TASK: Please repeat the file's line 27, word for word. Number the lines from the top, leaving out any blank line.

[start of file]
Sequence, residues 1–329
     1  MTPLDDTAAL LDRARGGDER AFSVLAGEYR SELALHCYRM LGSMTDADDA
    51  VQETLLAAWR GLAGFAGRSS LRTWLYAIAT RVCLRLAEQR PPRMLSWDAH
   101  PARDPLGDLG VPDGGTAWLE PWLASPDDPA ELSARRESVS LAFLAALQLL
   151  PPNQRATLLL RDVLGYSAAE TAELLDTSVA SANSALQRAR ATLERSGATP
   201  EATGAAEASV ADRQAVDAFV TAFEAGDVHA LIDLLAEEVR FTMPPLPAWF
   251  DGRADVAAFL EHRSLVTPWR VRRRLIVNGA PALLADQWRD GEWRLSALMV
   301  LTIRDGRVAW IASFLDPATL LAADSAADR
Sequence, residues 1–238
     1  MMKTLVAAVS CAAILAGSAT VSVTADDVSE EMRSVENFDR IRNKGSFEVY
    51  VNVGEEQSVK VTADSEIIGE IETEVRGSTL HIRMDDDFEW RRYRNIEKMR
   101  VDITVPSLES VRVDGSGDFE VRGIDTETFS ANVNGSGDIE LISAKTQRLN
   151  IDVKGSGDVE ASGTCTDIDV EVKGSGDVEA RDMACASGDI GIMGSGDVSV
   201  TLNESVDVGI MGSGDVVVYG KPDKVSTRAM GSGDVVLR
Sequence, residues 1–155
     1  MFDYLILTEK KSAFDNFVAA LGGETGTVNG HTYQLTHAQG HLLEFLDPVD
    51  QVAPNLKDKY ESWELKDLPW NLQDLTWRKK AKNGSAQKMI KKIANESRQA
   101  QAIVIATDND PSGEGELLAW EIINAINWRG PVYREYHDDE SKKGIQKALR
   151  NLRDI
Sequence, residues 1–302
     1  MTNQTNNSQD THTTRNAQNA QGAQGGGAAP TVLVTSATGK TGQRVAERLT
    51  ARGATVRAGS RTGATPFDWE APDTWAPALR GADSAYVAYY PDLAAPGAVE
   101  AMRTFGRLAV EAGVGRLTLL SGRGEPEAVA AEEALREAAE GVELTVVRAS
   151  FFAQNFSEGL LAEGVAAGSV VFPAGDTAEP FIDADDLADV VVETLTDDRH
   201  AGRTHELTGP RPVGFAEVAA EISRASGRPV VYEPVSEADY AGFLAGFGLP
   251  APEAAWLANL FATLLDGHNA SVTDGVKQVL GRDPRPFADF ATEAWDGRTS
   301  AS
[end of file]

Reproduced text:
   301  AS